Four family members from two successive generations of a German family underwent repeated ophthalmic examination. A diagnosis of isolated aniridia was made according to the fact that Wilm’s tumor and urogenital anomalies could be excluded in the patients and neurodevelopmental delay was not evident. However, a syndromic form of aniridia associated with brain abnormalities could not be excluded since magnetic resonance imaging was not performed. Follow-up ranged from four years (patient II:1) to 40 years (patient I:1). The pedigree of the family is given in Figure 1. Absent or nearly absent irides as well as upward lens dislocation were diagnosed in all four patients. Patients I:2 and I:3 also presented with congenital cataract. Ophthalmic findings are compared and summarized in Table 2 and selected clinical features of two probands are shown in Figure 2.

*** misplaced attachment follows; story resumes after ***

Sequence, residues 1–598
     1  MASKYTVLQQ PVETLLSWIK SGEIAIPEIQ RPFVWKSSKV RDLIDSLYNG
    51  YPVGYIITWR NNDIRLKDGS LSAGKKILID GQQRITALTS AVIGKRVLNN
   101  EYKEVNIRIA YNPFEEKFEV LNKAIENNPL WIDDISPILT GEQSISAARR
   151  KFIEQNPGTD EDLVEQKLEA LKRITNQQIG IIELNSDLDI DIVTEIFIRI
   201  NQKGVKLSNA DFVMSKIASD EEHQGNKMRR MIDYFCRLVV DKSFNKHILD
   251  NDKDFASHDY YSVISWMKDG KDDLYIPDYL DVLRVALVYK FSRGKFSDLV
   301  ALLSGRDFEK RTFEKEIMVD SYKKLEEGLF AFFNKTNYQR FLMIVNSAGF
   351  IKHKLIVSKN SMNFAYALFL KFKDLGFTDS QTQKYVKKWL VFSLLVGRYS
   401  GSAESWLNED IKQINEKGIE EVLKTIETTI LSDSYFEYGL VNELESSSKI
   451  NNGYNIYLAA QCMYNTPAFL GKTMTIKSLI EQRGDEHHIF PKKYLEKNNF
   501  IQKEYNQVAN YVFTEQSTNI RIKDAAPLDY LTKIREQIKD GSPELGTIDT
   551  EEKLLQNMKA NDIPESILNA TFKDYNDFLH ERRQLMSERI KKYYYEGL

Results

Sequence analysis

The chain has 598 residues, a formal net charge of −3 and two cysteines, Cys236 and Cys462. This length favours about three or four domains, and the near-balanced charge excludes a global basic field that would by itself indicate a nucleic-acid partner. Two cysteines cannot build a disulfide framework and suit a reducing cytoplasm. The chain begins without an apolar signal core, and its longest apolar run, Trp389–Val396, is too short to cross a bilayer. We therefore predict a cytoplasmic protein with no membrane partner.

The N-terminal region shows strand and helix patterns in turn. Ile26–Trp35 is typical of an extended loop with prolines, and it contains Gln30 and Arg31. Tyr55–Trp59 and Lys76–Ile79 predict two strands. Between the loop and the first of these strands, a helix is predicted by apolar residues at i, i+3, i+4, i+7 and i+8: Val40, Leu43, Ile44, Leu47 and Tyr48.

Bidirectional sequencing of PAX6 exons did not reveal any causative alteration but the analysis of exon/intron boundaries resulted in the identification of a nucleotide substitution at the splice donor sequence of intron 12 (Figure 3). Using online resources, we evaluated the presumptive effect of this variant on the splice donor site. The wild-type and mutant sequences (exon 12 plus approximately 250 bp of each of the adjacent introns) were submitted to three different splicing prediction tools: NNSPLICE [7], Geneid [8], and HSF [9]. As predicted by all three tools, the variant sequence substantially decreased the recognition of the intron 12 donor site (Table 3). We therefore reasoned that the c.1183+5G>A substitution affects splicing of PAX6 and tested this substitution in a heterologous splicing assay. A genomic segment that included the complete exon 12 plus approximately 250 bp of each of the adjacent introns was amplified from patient II:1 and cloned into the exon trapping vector pSPL3. HEK 293 cells were transfected with plasmids carrying either the normal c.1183+5 G-allele or the mutant c.1183+5 A-allele, and RT–PCR products were amplified from RNA of transfected cell cultures with vector-specific primers. Cultures transfected with plasmid constructs with the mutant c.1183+5 A-allele yielded RT–PCR products that were clearly smaller than products from cultures transfected with the normal c.1183+5 G-allele (Figure 4), indicating abnormal splicing of the mutant minigene construct. Subsequent sequencing of the RT–PCR products showed that RT–PCR products derived from the transfection with the mutant c.1183+5 A-allele lacked exon 12 of the PAX6 gene (Figure 5). As a result of this skipping of exon 12 which comprises 151 bp, the c.1183+5G>A variant is predicted to change the reading frame. Due to the lack of premature termination codons of this alternative reading frame, the deduced mutant polypeptide is larger than the wildtype PAX6 containing an extended COOH-terminal sequence (Figure 6).